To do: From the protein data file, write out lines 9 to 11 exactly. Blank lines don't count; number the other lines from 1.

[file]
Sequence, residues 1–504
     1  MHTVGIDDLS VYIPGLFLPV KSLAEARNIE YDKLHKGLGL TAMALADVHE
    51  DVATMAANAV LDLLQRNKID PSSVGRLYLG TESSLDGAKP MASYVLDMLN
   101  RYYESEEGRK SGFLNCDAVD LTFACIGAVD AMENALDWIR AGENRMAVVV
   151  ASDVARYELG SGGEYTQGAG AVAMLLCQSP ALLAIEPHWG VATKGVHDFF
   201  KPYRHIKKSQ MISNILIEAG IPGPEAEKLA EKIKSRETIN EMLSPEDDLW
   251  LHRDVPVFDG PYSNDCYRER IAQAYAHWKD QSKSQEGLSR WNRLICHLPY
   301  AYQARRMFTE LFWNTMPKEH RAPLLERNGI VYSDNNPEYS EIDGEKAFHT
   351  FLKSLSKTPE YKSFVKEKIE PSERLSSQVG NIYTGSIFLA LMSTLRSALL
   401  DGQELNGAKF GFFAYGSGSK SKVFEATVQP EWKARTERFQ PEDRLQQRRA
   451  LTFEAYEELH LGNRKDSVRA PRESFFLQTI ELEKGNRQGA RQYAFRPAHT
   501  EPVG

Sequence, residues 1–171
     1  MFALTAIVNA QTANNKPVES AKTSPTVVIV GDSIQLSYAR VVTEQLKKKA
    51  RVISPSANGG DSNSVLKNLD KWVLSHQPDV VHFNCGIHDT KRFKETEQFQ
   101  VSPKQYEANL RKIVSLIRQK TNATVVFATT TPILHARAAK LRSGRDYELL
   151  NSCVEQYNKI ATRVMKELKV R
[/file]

   351  FLKSLSKTPE YKSFVKEKIE PSERLSSQVG NIYTGSIFLA LMSTLRSALL
   401  DGQELNGAKF GFFAYGSGSK SKVFEATVQP EWKARTERFQ PEDRLQQRRA
   451  LTFEAYEELH LGNRKDSVRA PRESFFLQTI ELEKGNRQGA RQYAFRPAHT